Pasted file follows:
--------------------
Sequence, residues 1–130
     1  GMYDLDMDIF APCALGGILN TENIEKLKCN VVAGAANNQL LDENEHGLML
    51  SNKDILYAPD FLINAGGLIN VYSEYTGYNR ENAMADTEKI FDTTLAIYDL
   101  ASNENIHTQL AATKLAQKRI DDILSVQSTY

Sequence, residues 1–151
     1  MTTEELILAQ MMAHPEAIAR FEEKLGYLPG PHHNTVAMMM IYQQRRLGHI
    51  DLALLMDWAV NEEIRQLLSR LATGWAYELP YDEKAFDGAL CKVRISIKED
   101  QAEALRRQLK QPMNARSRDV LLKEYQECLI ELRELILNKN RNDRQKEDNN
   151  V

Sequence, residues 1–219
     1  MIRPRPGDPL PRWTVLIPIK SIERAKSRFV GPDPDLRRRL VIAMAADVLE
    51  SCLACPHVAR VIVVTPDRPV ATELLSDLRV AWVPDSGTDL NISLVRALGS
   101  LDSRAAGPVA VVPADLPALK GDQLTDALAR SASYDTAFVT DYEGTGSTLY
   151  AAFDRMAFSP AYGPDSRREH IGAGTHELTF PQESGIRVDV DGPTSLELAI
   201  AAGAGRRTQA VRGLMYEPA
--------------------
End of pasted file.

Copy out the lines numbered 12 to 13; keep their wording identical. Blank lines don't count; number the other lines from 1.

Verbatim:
    51  SCLACPHVAR VIVVTPDRPV ATELLSDLRV AWVPDSGTDL NISLVRALGS
   101  LDSRAAGPVA VVPADLPALK GDQLTDALAR SASYDTAFVT DYEGTGSTLY